Consumer drug vouchers for pricey pharmaceuticals--like Mylan’s EpiPen--may lead to market failures that dissolve the incentive for powerful pharmaceutical firms to reduce prescription drug prices, hurting payers' cost-control efforts.
Medicare Part D spending on EpiPens grew more than 1,150 percent over a seven-year period from 2007 to 2014 while the number of beneficiaries receiving the treatment increased a disproportionate 164 percent. The ensuing public frustration resulted in CEO Heather Bresch to testifying at a Senate hearing to defend the 400 to 500 percent price hikes.
Here are five ways, according to a article published in the Annals of Internal Medicine, that vouchers to help offset the cost of drugs like EpiPens interrupts the proper functioning of the market--and subsequently contributes to higher future healthcare costs:
- Co-pay assistance placates “public outcry.” Public pressure, such as articles about the high cost of EpiPens, seemed to be correlated with a “reduction in the magnitude” of price hikes by Mylan, the authors note. Appeasing consumer anger can circumvent such processes, and therefore lessen pressure on companies like Mylan to reduce prices.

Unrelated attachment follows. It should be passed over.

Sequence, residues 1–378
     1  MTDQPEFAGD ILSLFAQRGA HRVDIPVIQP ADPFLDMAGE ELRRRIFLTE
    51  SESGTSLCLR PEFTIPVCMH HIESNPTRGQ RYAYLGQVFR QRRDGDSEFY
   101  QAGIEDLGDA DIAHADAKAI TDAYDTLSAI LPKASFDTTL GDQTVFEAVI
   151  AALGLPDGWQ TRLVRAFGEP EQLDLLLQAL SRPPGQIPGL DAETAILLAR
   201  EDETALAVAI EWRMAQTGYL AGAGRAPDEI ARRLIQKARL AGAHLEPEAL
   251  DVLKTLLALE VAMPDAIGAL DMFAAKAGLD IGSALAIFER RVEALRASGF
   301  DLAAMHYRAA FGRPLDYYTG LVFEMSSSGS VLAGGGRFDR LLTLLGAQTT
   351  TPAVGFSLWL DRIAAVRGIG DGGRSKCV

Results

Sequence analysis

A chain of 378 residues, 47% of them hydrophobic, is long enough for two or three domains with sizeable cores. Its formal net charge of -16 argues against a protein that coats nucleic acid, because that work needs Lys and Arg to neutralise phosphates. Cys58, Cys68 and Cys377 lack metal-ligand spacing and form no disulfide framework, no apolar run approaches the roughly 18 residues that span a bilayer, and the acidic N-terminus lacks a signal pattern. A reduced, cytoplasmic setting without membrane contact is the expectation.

- The vouchers subvert insurers' strategies to limit healthcare utilization for low-premium, high-deductible enrollees. Low-premium, high out-of-pocket expense health insurance plans shift the burden of healthcare utilization onto consumers, nudging them to use fewer healthcare services--which lower total healthcare expenditures. The co-pay assistance programs “undermine” this effort, pressuring insurers to increase premiums across the board, the authors say.
- They create an artificial price distortion. High prices are supposed to encourage consumer shrewdness in the marketplace, according to the authors, which theoretically should “include scrutiny” of product price and quality. The researchers thus conclude copay coupons “keep patients from acting as consumers,” reducing the incentive for consumers to factor price into their decisions and further decreasing the incentive for pharmaceutical firms to lower their prices.
- The tactic handcuffs insurers’ leverage during negotiation with drug companies. Insurers that reach price concession agreements with drug producers reflect this in their formulary tiers with lower out-of-pocket costs--and vice versa for manufacturers that insist on high prices. Pharmaceutical companies like Mylan, which offered patients $300 coupons, are able to sidestep this mechanism by keeping out-of-pocket expenses lower for consumers when insurers aim to keep them high.
- Co-pay assistance programs don’t live up to their promises. Pharmaceutical companies don’t provide financial assistance to all filled prescriptions, only for patients who haven’t hit their deductible to have their insurer prescription benefit kick in. Insurers can’t ascertain payments made by patients versus those covered by the co-pay coupons, ultimately helping patients hit out-of-pocket maximums quicker. For specialty drugs that can cost up to $10,000 per month, insurers can be left to foot the bill much earlier in the year.